Societal growth depends on IT

Read an interesting article the other day in SciencDaily (IT played a key role in growth of ancient civilizations) and a Phys.Org article (Information drove development of early states) both of which were reporting on a Nature article (Scale and information processing thresholds in Holocene social evolution) which discussed how the growth of society during ancient times was directly correlated to the information processing capabilities they possessed. In these articles IT meant writing, accounting, currency, etc., relatively primitive forms of IT but IT nonetheless.

Seshat: Global History Databank

What the researchers were able to do was to use the Seshat: Global History Databank which “systematically collects what is currently known about the social and political organization of human societies and how civilizations have evolved over time” and use the data to analyze the use of IT by societies.

We have talked about Seschat before (See our Data Analysis of History post)

The Seshat databank holds information on 30 (natural) geographical areas (NGA), ~400 societies and, their history from 4000 BCE to 1900CE.

Seschat has a ~100 page Code Book that identifies what kinds of information to collect on each society, how it is to be estimated, identified, listed, etc. to normalize the data in their databank. Their Code Book provides essential guidelines on how to gather the ~1500 variables collected on societies.

IT drives society growth

The researchers used the Seshat DB and ran a statistical principal component analysis (PCA) of the data to try to ascertain what drove society’s growth.

PCA (see wikipedia Principal Component Analysis article) essentially produces a list of variables and their inter-relationships. Their combined inter-relationships is essentially a percentage (%Var) of explanatory power in how much those variables explains the variance of all variables. PCA can be one, two, three or N-dimensional.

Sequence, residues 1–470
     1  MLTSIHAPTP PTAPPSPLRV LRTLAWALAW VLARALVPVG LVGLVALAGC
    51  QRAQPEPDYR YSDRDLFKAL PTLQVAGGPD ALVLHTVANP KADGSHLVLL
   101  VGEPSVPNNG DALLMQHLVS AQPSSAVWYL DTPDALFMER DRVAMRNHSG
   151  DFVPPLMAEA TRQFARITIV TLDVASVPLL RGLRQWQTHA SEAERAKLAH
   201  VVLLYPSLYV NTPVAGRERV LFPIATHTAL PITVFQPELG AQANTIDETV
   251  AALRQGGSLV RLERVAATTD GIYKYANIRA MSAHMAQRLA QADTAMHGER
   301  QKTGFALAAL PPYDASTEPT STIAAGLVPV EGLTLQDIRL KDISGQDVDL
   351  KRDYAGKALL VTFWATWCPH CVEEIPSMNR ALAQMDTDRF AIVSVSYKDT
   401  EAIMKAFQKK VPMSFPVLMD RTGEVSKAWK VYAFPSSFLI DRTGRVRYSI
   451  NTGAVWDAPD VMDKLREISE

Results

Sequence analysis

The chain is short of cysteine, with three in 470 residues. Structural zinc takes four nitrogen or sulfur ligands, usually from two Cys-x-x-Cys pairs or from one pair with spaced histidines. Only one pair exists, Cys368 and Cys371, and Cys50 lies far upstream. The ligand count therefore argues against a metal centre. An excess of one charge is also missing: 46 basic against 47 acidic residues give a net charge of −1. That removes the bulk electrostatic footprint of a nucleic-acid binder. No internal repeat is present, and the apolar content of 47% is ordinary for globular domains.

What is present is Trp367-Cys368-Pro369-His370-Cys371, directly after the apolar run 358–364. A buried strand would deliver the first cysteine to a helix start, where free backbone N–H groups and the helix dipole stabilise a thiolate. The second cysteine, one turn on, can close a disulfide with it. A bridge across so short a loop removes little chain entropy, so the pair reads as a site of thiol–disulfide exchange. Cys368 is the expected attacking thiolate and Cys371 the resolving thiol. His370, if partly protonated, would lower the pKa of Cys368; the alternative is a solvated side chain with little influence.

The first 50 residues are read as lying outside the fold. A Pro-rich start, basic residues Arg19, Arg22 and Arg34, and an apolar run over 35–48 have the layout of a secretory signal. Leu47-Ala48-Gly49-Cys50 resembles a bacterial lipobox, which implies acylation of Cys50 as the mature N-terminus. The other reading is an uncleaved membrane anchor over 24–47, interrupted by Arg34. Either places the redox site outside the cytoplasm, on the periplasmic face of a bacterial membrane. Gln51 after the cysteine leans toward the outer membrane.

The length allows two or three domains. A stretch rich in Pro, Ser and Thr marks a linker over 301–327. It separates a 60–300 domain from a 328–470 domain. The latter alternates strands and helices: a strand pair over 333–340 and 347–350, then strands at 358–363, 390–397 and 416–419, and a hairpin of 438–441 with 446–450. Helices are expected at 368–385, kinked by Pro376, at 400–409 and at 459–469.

The researchers took Seshat 51 society variables and combined them into 9 (societal) complexity characteristics (CC)s and did a PCA of those variables across all the (285) society’s information available at the time.

Fig, 2 says that the average PC1 component of all societies is driven by the changes (increases and decreases) in PC2 components. Decreases of PC2 depend on those elements of PC2 which are negative and increases in PC2 depend on those elements of PC2 which are negative.

The elements in PC2 that provide the largest positive impacts are writing (.31), texts (.24), money (.28), infrastructure (.12) and gvrnmnt (.06). The elements in PC2 that provide the largest negative impacts are PolTerr (polity area, -0.35), CapPop (capital population, -0.27), PolPop (polity population, -0.25) and levels (?, -0.15). Below is another way to look at this data.

The positive PC2 CC’s are tracked with the red line and the negative PC2 CC’s are tracked with the blue line. The black line is the summation of the blue and red lines and is effectively equal to the blue line in Fig 2 above.

The researchers suggest that the inflection points in Fig 2 and the black line in Fig 3),represent societal information processing thresholds. Once these IT thresholds have passed they change the direction that PC2 takes on after that point

In Fig4 they have disaggregated the information averaged in Fig. 2 & 3 and show PC2 and PC1 trajectories for all 285 societies tracked in the Seshat DB. Over time as PC1 goes more positive, societie, start to converge on effectively the same level of PC2 . At earlier times, societies tend to be more heterogeneous with varying PC2 (and PC1) values.

Essentially, societies IT processing characteristics tend to start out highly differentiated but over time as societies grow, IT processing capabilities tend to converge and lead to the same levels of societal growth

Classifying societies by I

The Kadashev scale (see wikipedia Kardashev scale article) identifes levels or types of civilizations using their energy consumption. For example, The Kardashev scale lists the types of civilizations as follows:

  • Type I Civilization can use and control all the energy available on its planet,
  • Type II Civilization can use and control all the energy available in its planetary system (its star and all the planets/other objects in orbit around it).
  • Type III Civilization can use and control all the energy available in its galaxy

I can’t help but think that a more accurate scale for civilization, society or a polity’s level would a scale based on its information processing power.